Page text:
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California Law Counts Pets as Family, Not Property, During and After Divorce Proceedings

For years, pet owners have had to hash out the details of who gets their prized pooch, beloved cat, or other cherished animals during a divorce on their own, which is to say without the court’s involvement.

Pets have long been considered family members by those who own and love them — and have been highly-emotional and long-disputed segments of separations for countless divorcing couples. From a legal standpoint, pets have simply not been an issue for the California Family Courts to determine. Until now.

Thanks to the California Assemblyman, Bill Quirk, a Democrat from Hayward, Assembly Bill 2274 was written, introduced, and signed by Governor Jerry Brown in September 2018, granting California judges the authority to settle disagreements over who keeps the family pet(s) during and after a divorce.

What Does This Mean for Divorcing Couples With Pets in California?

The new law will allow the legal handling of the pets’ futures to mirror that of custody disputes. Before, pets were considered family property garnering as little of the court’s interest as a treadmill might. This left pets to be part of the couple’s asset distribution process, where community property, which is property obtained during the marriage, is divided equitably between the couple.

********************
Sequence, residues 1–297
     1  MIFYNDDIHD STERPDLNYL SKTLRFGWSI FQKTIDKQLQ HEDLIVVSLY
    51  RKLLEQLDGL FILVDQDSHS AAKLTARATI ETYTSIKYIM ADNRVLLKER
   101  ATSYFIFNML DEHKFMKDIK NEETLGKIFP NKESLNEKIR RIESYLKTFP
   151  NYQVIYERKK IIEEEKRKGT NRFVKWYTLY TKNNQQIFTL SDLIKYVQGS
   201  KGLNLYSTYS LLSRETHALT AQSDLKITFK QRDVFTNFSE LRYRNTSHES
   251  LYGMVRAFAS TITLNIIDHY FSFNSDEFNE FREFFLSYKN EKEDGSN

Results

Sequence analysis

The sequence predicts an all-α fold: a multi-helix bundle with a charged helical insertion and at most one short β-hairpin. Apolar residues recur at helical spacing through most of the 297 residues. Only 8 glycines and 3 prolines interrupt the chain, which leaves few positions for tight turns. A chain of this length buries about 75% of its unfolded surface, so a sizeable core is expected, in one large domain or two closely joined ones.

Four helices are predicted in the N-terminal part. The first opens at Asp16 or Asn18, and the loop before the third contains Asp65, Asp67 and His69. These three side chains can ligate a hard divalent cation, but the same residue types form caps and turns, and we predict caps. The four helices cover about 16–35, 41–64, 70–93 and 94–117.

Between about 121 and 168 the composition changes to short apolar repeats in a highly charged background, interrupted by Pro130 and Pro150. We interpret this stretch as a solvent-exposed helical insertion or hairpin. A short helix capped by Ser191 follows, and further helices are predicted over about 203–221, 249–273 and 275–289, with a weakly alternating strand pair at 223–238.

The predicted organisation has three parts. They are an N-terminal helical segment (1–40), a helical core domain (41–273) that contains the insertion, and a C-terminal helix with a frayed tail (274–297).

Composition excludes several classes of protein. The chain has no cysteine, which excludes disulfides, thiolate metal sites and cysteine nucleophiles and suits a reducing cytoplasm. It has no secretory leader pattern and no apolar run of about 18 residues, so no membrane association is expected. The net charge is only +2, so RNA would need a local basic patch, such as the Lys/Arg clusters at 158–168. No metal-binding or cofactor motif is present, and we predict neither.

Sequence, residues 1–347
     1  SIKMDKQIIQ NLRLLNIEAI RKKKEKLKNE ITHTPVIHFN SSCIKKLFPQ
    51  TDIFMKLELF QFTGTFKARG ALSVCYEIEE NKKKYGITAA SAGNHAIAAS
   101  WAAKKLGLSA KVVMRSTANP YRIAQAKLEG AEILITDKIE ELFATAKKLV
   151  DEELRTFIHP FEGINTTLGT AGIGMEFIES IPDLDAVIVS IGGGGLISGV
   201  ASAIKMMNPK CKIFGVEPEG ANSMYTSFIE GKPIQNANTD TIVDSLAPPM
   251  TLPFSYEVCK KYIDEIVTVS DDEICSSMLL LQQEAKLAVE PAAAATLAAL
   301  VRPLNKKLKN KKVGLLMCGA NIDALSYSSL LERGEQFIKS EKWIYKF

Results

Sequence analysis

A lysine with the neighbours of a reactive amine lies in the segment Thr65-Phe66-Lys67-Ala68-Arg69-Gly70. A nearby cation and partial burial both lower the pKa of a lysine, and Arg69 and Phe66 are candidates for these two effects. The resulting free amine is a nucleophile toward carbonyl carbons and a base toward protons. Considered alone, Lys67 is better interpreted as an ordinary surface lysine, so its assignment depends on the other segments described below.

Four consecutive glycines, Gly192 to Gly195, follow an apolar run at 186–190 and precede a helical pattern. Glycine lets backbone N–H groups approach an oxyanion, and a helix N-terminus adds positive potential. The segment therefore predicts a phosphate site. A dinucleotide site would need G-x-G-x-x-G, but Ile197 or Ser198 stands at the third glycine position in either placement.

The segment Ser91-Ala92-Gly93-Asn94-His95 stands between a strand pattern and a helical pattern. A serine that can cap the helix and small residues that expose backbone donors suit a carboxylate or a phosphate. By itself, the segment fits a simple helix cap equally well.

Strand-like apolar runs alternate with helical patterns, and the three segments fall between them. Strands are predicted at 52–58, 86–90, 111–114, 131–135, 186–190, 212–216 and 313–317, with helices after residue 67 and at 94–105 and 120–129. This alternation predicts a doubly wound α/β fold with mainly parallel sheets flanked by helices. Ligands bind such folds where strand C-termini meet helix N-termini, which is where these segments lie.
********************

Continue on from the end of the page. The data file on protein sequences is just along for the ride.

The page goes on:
What’s more is that the judge can take the pet’s best interests and care into consideration while the proceedings are underway, awarding their custody to one person until the divorce is finalized.

Weighted factors that may be taken into consideration to rule on the pet’s custody can include who:

  • Feeds the pet
  • Takes the pet to the vet
  • Walks or exercises the pet, when applicable
  • Protects the pet from harm

Can Couples Who Are Pursuing a Divorce Petition for Joint Custody of Family Pets?

When the new law took effect on January 1, 2019, divorcing couples became able to petition the court for sole or joint custody of the pet, which will be based on the animal’s current care.

This care is defined to include the:

  • Prevention of acts of harm or cruelty
  • Provision of food, water, veterinary care, and safe and protected shelter

Visitation rights can be awarded, allowing the person who does not receive primary custody of the pet to still be involved, and spend time with the much-loved animal during designated days and times.

If you have questions about your relationship and your options in dissolving a marriage, with or without pets, contact our experienced divorce attorney at Whitmarsh Family Law in Los Angeles today at (310) 853-5499 to discuss your personal and unique needs.

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Los Angeles, CA 90067
310-552-3505
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